OpenAI Faces Privacy Complaint Over Chatbot Accuracy Concerns
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OpenAI Faces Privacy Complaint Over Chatbot Accuracy Concerns

OpenAI, a leading developer in artificial intelligence (AI), finds itself embroiled in a privacy complaint brought forth by Noyb, a data rights protection advocacy group based in Austria.

Noyb launched the complaint on April 29, alleging that OpenAI has neglected to address erroneous information generated by its AI chatbot, ChatGPT.

The group contends that this inaction may violate privacy regulations within the European Union (EU).

The complaint stems from an incident involving an unidentified public figure who sought information about themselves from OpenAI’s chatbot.

Despite repeated requests, OpenAI purportedly declined to rectify or delete the inaccurate data, citing technical limitations.

Furthermore, the company refused to disclose details about its training data and its origins.

Maartje de Graaf, a data protection lawyer at Noyb, emphasized the importance of adherence to legal standards in technology, stating:

See Also: OpenAI Could Challenge Google And Perplexity With AI-Powered Search: Reports

“If a system cannot produce accurate and transparent results, it cannot be used to generate data about individuals.

‘The technology has to follow the legal requirements, not the other way around.”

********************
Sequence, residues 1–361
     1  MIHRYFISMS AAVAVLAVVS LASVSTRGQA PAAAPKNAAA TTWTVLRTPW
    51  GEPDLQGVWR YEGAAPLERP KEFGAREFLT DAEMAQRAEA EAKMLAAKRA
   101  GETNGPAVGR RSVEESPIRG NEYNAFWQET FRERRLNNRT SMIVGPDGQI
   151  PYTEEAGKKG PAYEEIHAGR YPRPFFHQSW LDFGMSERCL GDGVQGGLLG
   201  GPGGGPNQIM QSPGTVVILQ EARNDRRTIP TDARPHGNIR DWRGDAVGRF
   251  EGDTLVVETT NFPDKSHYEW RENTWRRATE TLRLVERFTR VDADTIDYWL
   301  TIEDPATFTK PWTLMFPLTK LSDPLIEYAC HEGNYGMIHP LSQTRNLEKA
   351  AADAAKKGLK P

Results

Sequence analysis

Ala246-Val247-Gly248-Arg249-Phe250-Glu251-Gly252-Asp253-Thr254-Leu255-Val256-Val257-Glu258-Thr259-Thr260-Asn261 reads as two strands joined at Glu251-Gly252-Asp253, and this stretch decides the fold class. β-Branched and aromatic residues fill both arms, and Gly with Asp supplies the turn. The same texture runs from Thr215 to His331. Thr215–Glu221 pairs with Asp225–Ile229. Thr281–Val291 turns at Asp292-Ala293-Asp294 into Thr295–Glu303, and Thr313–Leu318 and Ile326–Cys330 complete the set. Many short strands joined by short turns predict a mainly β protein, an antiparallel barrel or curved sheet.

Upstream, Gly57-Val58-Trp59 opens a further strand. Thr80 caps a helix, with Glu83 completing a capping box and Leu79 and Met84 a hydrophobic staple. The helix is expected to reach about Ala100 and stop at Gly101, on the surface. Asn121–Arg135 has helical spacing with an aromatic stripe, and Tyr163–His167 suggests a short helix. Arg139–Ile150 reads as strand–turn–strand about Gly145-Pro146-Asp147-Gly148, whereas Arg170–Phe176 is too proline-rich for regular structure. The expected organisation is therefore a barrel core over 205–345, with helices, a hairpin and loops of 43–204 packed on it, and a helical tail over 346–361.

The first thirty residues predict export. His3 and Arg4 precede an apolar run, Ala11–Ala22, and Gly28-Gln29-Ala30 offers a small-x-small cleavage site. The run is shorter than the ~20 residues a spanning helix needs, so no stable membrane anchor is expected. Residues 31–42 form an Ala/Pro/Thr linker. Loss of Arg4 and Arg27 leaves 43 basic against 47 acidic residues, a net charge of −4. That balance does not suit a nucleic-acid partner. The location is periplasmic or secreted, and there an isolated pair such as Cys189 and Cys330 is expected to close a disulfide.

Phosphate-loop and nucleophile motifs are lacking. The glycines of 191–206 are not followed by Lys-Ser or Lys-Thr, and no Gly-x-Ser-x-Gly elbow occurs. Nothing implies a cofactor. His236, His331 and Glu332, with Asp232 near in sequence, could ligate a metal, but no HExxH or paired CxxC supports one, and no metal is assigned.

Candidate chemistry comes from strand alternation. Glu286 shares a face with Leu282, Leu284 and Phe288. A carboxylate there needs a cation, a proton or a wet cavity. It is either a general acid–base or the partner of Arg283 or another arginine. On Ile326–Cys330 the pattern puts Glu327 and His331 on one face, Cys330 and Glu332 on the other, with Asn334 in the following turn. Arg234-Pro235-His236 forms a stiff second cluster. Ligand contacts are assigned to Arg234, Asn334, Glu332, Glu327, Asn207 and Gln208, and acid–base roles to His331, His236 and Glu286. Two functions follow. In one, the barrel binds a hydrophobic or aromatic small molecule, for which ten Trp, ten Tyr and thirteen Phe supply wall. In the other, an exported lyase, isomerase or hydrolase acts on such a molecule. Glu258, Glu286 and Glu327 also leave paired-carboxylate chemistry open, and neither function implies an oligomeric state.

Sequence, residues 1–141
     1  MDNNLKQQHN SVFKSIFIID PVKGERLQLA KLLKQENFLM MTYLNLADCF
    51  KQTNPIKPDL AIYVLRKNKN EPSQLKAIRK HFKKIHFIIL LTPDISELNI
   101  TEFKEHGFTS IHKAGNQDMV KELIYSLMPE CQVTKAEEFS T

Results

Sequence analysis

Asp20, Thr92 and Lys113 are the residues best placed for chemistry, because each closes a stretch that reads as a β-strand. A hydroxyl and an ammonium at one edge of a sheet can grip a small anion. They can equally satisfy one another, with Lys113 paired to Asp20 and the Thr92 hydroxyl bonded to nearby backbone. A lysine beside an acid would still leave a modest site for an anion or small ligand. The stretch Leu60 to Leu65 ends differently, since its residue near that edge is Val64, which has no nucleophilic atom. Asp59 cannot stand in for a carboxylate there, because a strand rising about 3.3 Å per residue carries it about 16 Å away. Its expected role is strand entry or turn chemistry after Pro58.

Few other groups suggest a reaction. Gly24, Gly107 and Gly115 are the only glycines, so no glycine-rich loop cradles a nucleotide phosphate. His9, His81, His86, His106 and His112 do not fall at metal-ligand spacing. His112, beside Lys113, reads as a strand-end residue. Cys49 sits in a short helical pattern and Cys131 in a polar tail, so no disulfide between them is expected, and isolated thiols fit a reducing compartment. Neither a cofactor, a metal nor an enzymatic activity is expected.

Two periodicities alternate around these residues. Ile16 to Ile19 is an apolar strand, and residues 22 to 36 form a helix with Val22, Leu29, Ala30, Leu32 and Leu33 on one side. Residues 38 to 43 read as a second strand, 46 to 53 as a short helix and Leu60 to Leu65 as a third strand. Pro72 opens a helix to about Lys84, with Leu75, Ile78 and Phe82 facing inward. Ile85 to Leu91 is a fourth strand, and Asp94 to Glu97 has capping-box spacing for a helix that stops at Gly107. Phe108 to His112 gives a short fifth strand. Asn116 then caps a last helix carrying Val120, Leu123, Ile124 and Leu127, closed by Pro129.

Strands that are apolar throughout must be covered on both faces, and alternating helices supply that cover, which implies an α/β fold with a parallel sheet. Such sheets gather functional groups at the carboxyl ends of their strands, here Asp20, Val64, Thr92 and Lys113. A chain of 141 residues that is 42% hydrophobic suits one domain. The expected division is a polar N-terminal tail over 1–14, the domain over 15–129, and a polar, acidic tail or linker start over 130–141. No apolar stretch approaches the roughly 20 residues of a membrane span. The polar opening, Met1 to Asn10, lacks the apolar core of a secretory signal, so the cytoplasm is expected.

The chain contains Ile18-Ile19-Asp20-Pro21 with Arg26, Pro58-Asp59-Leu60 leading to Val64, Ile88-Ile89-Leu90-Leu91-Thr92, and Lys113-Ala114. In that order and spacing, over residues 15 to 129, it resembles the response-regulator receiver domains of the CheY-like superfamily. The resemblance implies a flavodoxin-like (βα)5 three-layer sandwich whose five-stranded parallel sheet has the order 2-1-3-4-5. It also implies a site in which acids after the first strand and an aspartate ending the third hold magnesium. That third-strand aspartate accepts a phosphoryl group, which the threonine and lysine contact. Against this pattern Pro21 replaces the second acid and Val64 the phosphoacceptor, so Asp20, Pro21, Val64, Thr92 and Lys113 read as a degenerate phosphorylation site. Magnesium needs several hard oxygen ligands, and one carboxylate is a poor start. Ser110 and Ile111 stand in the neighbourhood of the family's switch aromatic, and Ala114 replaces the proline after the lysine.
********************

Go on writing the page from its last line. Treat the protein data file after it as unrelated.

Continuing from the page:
Noyb escalated the complaint to the Austrian data protection authority, urging an investigation into OpenAI’s data processing practices and the mechanisms it employs to ensure the accuracy of personal data processed by its large language models.

De Graaf underscored the current challenges faced by companies in aligning chatbot technologies like ChatGPT with EU data protection laws.

Noyb, also known as the European Center for Digital Rights, operates out of Vienna, Austria, with a mission to support European General Data Protection Regulation laws through strategic legal actions and media initiatives.

This incident adds to a growing concern surrounding the accuracy and compliance of chatbot technologies.

In a similar vein, in December 2023, a study revealed issues with Microsoft’s Bing AI chatbot, now called Copilot, providing misleading information during political elections in Germany and Switzerland.

Additionally, Google’s Gemini AI chatbot faced criticism for generating inaccurate imagery, prompting the company to issue an apology and commit to model updates.

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